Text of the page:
6

Teaching to Resistance and Refusal: Feminist Pedagogical Engagements in the UK Higher Education Classroom

by & Aura Lehtonen

Critical Reflection

To point towards the limits of institutional practices on effective and inclusive teaching in the increasingly precarious UK HE context, Lehtonen & Gibbs consider moments of classroom resistance and refusal.

7

How to Hack Study Regulations

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Creative Response

In 2018 researchers from Teaching to Trangress* replaced the Study Regulations at the E.R.G in Brussels with a radical re-write to expose the covert operations of patriarchy.

8

Learning Is Dangerous

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Conversation

In March 2019, staff at the Queen Mary University organised a study day on de-colonising and de-canonising film studies. Later, Pember met the same scholars to consider these and other ideas against the context of HE.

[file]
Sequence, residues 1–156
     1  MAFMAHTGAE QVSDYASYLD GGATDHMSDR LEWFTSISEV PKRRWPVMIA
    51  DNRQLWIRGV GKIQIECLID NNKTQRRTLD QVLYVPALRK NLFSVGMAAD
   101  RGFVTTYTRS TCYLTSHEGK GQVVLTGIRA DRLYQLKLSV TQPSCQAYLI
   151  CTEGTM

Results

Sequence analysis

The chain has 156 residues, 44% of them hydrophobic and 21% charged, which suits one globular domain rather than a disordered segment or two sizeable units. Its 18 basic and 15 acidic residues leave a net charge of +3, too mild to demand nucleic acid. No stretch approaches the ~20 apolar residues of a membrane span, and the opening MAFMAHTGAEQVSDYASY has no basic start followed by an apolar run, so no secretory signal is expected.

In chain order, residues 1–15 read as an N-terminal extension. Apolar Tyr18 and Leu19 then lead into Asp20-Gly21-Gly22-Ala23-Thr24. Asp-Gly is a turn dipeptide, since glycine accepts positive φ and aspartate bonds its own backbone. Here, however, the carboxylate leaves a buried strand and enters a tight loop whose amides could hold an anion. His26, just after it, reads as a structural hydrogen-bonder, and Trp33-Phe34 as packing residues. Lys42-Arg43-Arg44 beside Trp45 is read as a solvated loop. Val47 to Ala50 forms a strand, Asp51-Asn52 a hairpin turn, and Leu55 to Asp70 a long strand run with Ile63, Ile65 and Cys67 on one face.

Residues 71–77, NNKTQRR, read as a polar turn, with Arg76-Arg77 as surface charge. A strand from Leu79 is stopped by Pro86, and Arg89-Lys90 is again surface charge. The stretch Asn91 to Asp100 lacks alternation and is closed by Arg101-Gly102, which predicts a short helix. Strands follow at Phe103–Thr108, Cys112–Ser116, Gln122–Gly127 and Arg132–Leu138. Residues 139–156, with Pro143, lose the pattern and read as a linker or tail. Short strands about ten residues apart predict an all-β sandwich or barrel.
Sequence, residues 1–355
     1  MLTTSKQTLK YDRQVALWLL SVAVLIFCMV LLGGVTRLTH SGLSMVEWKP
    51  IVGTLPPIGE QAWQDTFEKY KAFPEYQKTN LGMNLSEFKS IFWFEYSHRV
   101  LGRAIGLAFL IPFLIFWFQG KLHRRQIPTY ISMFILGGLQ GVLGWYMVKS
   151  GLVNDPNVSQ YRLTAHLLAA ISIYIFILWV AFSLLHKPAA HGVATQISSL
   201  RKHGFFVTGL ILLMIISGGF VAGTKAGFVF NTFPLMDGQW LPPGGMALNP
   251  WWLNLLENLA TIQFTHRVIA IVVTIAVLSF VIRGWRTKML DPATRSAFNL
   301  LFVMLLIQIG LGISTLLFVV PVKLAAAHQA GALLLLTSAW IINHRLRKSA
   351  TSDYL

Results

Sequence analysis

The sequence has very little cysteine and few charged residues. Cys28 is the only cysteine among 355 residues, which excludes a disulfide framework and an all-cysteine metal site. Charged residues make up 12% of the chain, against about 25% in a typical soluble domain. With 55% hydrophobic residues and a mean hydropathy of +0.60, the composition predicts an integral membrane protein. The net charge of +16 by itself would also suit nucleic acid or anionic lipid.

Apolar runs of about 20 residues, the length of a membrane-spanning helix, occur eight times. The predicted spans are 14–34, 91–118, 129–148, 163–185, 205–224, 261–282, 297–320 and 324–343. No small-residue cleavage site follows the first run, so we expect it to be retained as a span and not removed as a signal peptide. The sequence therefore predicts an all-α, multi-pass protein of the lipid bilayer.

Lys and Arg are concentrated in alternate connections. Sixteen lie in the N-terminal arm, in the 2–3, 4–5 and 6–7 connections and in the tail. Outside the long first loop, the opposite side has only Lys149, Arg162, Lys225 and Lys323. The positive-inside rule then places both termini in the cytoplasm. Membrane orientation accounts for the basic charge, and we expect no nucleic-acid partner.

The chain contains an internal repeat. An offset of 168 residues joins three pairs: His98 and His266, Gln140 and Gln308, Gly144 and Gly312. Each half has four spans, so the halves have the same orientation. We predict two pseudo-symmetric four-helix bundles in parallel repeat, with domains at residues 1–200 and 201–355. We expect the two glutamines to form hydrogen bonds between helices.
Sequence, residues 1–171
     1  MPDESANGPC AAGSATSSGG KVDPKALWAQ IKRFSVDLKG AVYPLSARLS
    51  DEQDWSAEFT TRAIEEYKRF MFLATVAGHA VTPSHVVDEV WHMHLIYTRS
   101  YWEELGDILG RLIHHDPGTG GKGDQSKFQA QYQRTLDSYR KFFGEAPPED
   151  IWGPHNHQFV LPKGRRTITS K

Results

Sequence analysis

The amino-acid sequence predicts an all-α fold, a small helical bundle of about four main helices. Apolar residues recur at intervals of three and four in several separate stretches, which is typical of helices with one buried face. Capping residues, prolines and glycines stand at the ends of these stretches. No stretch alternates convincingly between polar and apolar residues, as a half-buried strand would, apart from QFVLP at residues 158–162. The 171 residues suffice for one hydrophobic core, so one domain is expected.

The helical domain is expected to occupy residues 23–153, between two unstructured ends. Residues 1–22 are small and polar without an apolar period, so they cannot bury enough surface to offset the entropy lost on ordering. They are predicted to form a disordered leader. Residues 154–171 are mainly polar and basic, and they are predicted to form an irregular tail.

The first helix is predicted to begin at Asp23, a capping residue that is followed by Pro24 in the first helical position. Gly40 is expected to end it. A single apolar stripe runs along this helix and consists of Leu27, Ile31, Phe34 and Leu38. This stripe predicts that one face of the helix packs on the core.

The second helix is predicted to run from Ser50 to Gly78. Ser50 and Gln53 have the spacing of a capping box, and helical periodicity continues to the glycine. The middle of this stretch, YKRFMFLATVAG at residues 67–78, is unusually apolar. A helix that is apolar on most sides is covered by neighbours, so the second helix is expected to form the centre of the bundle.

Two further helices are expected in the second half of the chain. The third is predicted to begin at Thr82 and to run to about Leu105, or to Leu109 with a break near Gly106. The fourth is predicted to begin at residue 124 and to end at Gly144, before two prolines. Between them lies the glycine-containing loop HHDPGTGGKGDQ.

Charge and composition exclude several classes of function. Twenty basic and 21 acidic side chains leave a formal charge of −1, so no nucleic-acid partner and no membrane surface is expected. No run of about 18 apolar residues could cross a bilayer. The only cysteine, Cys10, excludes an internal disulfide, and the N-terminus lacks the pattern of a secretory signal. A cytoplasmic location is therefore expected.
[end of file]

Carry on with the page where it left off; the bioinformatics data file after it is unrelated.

9

Towards A Femme Pedagogy, or Making Space for Trauma in the Classroom

by & Margeaux Feldman

Critical Reflection

Recognising that teaching is care work, the authors unsettle neoliberal discussions of resilience and survival. They argue for femme pedagogy, a trauma-informed approach to education in which vulnerability, healing, and community are vital to academic spaces.

10

Teaching to Transform: Reimagining Feminist Pedagogies in Contemporary Higher Education

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Toolkit

Seeing students not as passive receivers but as co-creators of knowledge, Morris develops a teaching toolkit to transform them into promoters of social justice, who can resist post-truth, post-racial, and sexist discourses.

11